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Immediate hypersensitivity to polyethylene glycols in unrelated products: when standardization in the nomenclature of the components of drugs, cosmetics, and food becomes necessary

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Abstract

Background

Polyethylene glycols (PEGs) and their derivatives are non-ionic polymers of ethylene oxide commercially available with numerous synonyms, such as macrogol, oxyethylene polymer, and laureth-9. Although these polymers are usually safe, mild to life-threatening immediate-type hypersensitivity reactions have been reported. Nevertheless, awareness about their allergic potential is minimal due to the non-standardization of their nomenclature.

Case presentation

We present the case of a 29-years-old woman who developed several local and systemic type I hypersensitivity reactions including a severe anaphylactic reaction to different pharmacologic and cosmetic products whose excipients included PEG. Prick tests and basophil activation tests were performed to several pharmacological and cosmetic products, but only those containing PEGs and their derivatives were positive. The patient was diagnosed with immediate hypersensitivity IgE-mediated to PEGs and its derivatives.

Conclusions

Standardization of the terminology used to describe the presence of PEGs in products would help patients to identify them clearly and unequivocally and thus avoid the development of hypersensitivity reactions. It is also recommended studying PEG allergy in reactions to products containing PEGs, once allergy to the active ingredients has been excluded and in reactions to multiple unrelated drugs.

Clinical study protocol number PI2018/29 (registered on 24 September 2018)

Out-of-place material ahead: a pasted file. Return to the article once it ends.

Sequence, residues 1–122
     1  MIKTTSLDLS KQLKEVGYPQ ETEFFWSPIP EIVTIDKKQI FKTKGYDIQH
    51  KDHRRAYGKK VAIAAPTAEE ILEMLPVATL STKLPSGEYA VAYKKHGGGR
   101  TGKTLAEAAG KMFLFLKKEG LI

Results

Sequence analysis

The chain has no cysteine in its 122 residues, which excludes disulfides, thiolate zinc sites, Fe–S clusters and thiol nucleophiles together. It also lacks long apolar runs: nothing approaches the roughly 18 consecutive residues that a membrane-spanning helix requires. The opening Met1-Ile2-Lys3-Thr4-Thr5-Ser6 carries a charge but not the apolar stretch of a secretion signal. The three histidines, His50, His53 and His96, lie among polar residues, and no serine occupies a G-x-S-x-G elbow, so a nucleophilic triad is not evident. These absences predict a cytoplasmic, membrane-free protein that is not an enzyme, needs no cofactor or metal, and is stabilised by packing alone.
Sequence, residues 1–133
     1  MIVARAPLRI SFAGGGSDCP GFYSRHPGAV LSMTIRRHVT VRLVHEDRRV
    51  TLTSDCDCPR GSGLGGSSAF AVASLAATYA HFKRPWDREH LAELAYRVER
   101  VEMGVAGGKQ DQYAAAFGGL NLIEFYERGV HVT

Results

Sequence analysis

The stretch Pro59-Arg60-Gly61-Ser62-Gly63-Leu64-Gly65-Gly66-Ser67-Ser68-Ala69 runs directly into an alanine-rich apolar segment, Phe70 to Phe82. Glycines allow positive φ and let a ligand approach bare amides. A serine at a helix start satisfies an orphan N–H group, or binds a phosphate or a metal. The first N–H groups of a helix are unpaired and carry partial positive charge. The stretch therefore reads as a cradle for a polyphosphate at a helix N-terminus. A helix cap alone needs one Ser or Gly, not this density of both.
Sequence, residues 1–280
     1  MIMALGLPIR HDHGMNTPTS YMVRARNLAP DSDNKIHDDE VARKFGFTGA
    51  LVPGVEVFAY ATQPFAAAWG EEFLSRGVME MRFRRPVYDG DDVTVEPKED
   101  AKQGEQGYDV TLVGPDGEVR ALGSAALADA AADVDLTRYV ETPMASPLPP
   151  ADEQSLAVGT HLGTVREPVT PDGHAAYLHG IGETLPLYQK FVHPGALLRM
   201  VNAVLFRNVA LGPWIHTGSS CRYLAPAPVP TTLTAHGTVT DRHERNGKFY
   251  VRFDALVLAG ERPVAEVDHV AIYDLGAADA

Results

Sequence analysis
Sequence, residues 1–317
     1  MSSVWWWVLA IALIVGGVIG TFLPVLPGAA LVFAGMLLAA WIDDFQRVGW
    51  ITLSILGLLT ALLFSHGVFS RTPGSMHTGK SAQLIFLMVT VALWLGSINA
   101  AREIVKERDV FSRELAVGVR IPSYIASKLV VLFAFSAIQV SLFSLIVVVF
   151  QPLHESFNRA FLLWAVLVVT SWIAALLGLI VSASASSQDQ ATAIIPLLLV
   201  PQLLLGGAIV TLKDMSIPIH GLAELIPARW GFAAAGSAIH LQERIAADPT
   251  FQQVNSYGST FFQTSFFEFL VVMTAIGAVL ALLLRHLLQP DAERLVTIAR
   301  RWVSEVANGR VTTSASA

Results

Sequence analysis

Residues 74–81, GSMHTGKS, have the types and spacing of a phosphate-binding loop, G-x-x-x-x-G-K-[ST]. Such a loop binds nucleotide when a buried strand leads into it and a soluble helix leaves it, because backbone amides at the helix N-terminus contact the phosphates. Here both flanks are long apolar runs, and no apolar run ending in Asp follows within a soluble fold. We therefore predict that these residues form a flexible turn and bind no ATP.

Background

Polyethylene glycols (PEGs) and their derivatives are non-ionic polymers of ethylene oxide commercially available over a wide range of molecular weights from 200 g/mol to 35,000 g/mol and widely used in medical, pharmaceutical, cosmetic, industrial, and food products [1, 2]. These polymers have numerous synonyms, such as macrogol, oxyethylene polymer, and laureth-9 [2]. Nevertheless, the term “PEG” is often used in combination with a number referring to the number of ethylene oxide units (cosmetic industry) or to the molecular weight (pharmaceutical industry) [2].

Since its development, PEG polymers held a reputation for safety, nevertheless from mild to life-threatening immediate-type hypersensitivity reactions have been reported, with clinical manifestations ranging from generalized urticaria to anaphylactic shock [2,3,4,5]. Awareness about the allergenic potential of these polymers is minimal due to the non-standardization of their nomenclature, inadequate labelling of products containing PEGs, and the lack of suspicion as the agents responsible of such reactions. In fact, no studies have examined the prevalence of type 1 PEGs hypersensitivity, so its incidence may have been underestimated.